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"Create a climate of fear, and it's easy to keep the borders closed. It's just a matter of emphasis. The right word in the right broadcast repeated often enough can destabilise an economy, invent an enemy, change a vote."
— The Editor
Rose, Adam, and the Doctor land on a space station in the year 200,000. The Doctor expects to encounter the centre-of-the-British-Empire satire such as was seen in old Who
episodes like "Kinda"
, and proudly tells them to prepare for "Humanity at its height!", with splendid cuisine and high culture. But what they get is a satire of Britain as it is today: a dingy station where people eat things like Kronk-burgers and beef-flavoured shakes, and "high culture" turns out to be the future equivalent of "zillions of channels and nothing on". All anyone aspires to is a trip to the fabled 500th Floor, which is rumoured to have walls made of gold
. Also, there's a Bad Wolf channel.
Rose and Adam are still too new to the whole travelling thing to be disappointed, but the Doctor is thoroughly mystified. He befriends Suki and Cathica, a pair of journalists, and convinces them he's from Management. This leads to them showing him how journalism is done in the future: it consists of Cathica opening a hole in her head
and having data beamed through it. Now the Doctor is also
The intruders have started to attract the attention of the mysterious Editor (hey, it's Simon Pegg
!). He lives in the icy dump of the 500th floor, overseeing the flow of information. The Editor is even more
intrigued when the computers of the future reports that the Doctor is "no one" and Rose is also "no one". Meanwhile, Adam has sneaked off to have his very own hole put into his head by the local head doctor (hey, it's Tamsin Greig
The Doctor and Rose discover that the Editor is an employee of the Mighty Jagrafess of the Holy Hadrojassic Maxarodenfoe (Max for short), an ugly, toothy, slimy monster living on the ceiling of the 500th Floor. Max has taken control of all information on Earth and is responsible for preventing the "humanity at its height" timeline from happening. He's also using the space station as a fridge to keep himself cool. Adam, meanwhile, uses his new head port and Rose's superphone to send information of the future to his mum's answering machine — unfortunately, this gives the Editor access to everything he knows about the Doctor and Rose, including where to find a key to the TARDIS. Whoops.
Fortunately, Cathica hacks into the computer, shuts down Adam's feed and tampers with the heating to deep-fry Max. Happy ending for everyone in this satellite for now
, except of course for the evil guys. And the good guys who died earlier. And Adam, since the Doctor decides he's too stupid to be a companion. So the Doctor boots him out of the TARDIS, fries his home phone to remove the evidence of his tampering with history, and he's left home with a hole in his head. Just in time for his mother to inadvertently make it pop open....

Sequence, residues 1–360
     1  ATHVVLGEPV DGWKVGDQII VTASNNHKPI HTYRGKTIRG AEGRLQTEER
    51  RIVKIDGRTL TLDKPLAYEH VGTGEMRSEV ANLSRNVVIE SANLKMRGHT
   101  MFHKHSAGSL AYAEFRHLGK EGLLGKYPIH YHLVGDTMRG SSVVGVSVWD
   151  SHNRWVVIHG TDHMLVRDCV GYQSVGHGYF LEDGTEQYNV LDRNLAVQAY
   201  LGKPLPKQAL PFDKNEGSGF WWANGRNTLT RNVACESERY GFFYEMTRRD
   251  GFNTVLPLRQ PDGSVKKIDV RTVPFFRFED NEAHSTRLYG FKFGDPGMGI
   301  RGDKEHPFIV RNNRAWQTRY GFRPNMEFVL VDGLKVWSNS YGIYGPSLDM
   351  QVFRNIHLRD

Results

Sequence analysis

- Ancient Conspiracy: The Fourth Great and Bountiful Human Empire has been controlled by its news station for close to 100 years. Of course, there is a deeper conspiracy bankrolling Max's actions.
- Arc Words: "And over on the Bad Wolf Channel, the Face of Boe has just announced he's pregnant."
- Artistic License - Economics: The Doctor gives Adam a credit stick containing "unlimited credit" (a vendor earlier gave a price in credits, so we know that "credit" does not refer to a loan).
- Blatant Lies: There's an implication that the Doctor might have reconsidered about Adam, or at least treated him more leniently than he ended up doing, had Adam not foolishly chosen to lie about the information he'd downloaded onto his home phone when the Doctor had already worked out what the score was. ("Is there anything else you want to tell me?")
- Canon Welding: With Children's Ward. Adam's mum is a nurse played by Judy Holt, who played a nurse in Children's Ward who had the same surname as Adam. Of course, it may just be an Actor Allusion.
- Continuity Nod: The Doctor expects this to be the Fourth Great and Bountiful Human Empire. The Second Great and Bountiful Human Empire was the setting of "Mission to the Unknown" and "The Daleks' Master Plan" back in the Hartnell era.
- Creative Sterility: The Jagrafess's plan involves encouraging this in humanity. The Editor is so used to it he has no idea how to react when Cathica surprises him.
The Editor: I'm trying, sir, but — I don't know how she did it, it's impossible! A m-member of staff with an idea....
- Death Glare: There is a reason that Adam was initially afraid the Doctor was just going to kick him out of an airlock when the dust had settled. The look on his face as he stalks over to Adam without even saying a word is terrifying.
- The Dog Bites Back: Turns out the Jagrafess should have promoted Cathica years ago.
- The Dragon: The Editor.